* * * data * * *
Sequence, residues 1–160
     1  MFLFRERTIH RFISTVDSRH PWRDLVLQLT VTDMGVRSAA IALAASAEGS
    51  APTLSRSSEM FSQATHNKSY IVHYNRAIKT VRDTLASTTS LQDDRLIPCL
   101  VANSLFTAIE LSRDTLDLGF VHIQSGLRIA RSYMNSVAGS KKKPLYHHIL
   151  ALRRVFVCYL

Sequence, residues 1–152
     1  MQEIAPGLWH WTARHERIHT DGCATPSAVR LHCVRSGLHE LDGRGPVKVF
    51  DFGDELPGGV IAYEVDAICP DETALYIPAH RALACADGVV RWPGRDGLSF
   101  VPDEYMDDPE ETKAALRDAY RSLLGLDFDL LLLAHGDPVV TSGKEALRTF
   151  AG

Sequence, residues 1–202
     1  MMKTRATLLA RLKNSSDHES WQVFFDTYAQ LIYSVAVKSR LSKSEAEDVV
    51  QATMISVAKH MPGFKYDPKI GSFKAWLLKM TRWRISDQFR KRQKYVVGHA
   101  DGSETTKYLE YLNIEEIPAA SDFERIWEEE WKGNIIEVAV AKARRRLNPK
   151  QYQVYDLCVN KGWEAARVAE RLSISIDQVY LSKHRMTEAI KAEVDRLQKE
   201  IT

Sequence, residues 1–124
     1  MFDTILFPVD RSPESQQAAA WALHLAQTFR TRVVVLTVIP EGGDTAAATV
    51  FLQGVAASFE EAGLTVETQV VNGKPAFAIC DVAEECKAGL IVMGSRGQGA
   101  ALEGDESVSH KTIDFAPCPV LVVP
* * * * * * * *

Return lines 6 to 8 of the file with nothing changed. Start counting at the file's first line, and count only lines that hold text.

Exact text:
Sequence, residues 1–152
     1  MQEIAPGLWH WTARHERIHT DGCATPSAVR LHCVRSGLHE LDGRGPVKVF
    51  DFGDELPGGV IAYEVDAICP DETALYIPAH RALACADGVV RWPGRDGLSF